Introduction to How Aquaculture Works
When you order a seafood dish at your favorite restaurant, you usually can't help but think of fishermen in old-fashioned wooden boats harvesting their catch from the local lake, river or sea. However, chances are that your delicious herb-crusted salmon or pan-seared tilapia actually came from a farm similar to those that produce other protein products such as beef or chicken. Aquaculture is fish farming, and a whole lot more. In fact, it's one of the fastest growing food industries in the world.
Aquaculture is the farming and husbandry of freshwater and marine animals and plants in controlled environments. Aquaculture goes way beyond food production. Hatcheries provide bait and game for both sport and commercial fishermen. How about ornamental plants and fish for those lovely koi ponds? You can thank aquaculture for them, too.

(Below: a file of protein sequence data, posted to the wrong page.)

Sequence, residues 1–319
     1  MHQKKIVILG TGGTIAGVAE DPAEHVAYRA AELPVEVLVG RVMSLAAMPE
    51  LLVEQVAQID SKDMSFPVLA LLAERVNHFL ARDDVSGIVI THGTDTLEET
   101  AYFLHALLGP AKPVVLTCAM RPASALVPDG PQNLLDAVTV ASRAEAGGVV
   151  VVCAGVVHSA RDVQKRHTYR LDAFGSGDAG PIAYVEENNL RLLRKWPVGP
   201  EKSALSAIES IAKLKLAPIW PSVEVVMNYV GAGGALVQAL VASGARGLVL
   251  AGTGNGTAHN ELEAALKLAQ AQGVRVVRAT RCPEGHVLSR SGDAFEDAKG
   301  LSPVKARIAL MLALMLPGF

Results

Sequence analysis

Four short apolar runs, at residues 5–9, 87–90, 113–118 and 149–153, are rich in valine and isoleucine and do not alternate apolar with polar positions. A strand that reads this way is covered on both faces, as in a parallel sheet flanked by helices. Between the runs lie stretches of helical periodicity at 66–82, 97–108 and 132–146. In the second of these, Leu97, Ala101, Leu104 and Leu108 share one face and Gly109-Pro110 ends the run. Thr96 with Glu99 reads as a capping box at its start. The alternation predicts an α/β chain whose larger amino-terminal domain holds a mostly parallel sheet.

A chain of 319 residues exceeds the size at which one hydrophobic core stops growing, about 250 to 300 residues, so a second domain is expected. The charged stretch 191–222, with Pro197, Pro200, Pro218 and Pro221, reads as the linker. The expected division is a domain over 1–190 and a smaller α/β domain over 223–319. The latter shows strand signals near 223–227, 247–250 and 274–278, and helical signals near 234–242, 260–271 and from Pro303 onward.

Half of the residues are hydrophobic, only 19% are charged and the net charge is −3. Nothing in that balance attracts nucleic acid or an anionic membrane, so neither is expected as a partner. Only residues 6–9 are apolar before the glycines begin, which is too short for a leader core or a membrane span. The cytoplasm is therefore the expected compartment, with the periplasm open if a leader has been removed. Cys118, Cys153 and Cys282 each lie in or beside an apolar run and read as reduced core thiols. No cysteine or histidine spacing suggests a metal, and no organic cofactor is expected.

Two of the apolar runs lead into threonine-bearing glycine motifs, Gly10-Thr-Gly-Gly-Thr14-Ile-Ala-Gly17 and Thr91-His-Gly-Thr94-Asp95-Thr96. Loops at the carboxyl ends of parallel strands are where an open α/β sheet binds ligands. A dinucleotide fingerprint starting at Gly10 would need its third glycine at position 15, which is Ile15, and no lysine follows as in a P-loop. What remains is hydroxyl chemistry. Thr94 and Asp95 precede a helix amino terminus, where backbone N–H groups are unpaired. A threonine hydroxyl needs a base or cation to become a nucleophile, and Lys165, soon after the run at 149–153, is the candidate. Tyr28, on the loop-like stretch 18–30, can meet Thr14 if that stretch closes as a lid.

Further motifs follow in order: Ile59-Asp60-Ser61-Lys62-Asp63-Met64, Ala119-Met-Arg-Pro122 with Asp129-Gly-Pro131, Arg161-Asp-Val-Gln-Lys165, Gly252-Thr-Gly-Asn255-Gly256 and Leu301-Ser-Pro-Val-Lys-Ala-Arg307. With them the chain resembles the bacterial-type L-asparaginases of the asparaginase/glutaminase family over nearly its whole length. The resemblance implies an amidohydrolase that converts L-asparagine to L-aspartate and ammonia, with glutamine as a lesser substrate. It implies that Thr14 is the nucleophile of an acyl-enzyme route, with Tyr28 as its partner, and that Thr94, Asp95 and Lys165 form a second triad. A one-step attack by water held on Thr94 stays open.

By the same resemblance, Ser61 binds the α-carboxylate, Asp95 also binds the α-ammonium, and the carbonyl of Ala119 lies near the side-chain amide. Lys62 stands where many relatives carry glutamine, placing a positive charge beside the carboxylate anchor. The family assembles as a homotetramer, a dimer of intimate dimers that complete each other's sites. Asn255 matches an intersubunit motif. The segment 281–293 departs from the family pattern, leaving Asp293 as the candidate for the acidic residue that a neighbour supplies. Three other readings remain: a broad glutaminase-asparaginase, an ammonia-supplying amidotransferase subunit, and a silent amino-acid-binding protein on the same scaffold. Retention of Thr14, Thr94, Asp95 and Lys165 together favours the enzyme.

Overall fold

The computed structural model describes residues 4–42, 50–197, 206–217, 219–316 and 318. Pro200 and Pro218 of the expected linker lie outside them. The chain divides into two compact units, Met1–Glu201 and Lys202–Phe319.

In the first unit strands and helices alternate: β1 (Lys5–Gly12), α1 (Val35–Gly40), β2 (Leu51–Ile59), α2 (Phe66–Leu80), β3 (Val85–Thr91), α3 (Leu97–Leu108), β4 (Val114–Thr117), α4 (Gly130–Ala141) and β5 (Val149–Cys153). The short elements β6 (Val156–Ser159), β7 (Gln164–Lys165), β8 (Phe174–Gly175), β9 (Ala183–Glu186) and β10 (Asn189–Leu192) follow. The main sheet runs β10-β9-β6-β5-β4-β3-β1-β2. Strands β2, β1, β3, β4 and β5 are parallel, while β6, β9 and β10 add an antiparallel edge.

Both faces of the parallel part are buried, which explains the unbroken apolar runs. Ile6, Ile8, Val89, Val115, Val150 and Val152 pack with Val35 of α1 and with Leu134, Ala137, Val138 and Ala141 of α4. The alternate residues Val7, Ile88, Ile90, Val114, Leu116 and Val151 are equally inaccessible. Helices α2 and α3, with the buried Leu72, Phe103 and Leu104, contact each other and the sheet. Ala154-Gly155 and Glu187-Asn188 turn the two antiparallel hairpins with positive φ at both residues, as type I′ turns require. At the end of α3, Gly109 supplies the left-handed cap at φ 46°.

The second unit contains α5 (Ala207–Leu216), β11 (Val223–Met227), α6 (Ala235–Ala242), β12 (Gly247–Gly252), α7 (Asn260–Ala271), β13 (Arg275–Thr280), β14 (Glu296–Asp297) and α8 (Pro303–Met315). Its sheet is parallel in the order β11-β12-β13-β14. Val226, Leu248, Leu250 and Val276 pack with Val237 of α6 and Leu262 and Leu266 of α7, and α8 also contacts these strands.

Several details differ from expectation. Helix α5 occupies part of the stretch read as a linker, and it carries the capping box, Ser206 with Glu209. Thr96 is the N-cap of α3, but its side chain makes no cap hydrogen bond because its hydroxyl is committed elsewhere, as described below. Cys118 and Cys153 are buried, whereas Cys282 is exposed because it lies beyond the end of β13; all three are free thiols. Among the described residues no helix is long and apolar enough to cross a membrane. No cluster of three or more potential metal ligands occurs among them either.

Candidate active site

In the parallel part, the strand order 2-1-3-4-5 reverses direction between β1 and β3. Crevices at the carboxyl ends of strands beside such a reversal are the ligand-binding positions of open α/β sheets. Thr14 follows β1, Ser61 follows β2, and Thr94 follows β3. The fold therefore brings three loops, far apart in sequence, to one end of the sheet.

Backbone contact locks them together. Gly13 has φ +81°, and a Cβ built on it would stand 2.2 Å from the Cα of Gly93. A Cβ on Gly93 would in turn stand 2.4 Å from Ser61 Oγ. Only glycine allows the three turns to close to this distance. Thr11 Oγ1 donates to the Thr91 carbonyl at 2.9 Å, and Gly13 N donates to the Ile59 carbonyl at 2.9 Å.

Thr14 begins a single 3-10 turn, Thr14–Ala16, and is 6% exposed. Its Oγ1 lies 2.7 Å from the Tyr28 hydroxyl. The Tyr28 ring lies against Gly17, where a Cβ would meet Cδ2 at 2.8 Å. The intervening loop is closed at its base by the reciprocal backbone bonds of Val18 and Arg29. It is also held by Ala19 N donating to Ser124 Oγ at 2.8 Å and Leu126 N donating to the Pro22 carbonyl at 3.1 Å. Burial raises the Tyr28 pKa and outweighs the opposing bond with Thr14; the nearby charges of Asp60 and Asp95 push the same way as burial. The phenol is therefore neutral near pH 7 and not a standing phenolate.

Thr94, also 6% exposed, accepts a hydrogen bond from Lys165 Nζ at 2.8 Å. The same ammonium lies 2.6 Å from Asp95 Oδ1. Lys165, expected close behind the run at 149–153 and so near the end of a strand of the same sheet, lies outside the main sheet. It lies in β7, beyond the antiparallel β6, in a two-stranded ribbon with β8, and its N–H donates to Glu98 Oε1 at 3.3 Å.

Although aquaculture serves many purposes, the most important one is to supply food for humans. It also supports the food chain at a lower level by producing algae and other plant organisms for animal feed.
Did you know that fish is one of the world's most important sources of protein? Because aquaculture products are relatively inexpensive, the world depends on fish products as a vital source of nourishment. For this reason, the world's poorest populations depend heavily on aquaculture, too. Since the 1950s, the demand for fish has doubled [source: Costa-Pierce, et.al.] Recently, the aquaculture industry around the world has boomed because certain aquatic organisms, like Atlantic salmon and Chilean sea bass, which have become scarce due to overfishing.
In this article, we'll explore the development of aquaculture and the issues facing this quickly growing industry. First, let's look at a few different types of aquaculture.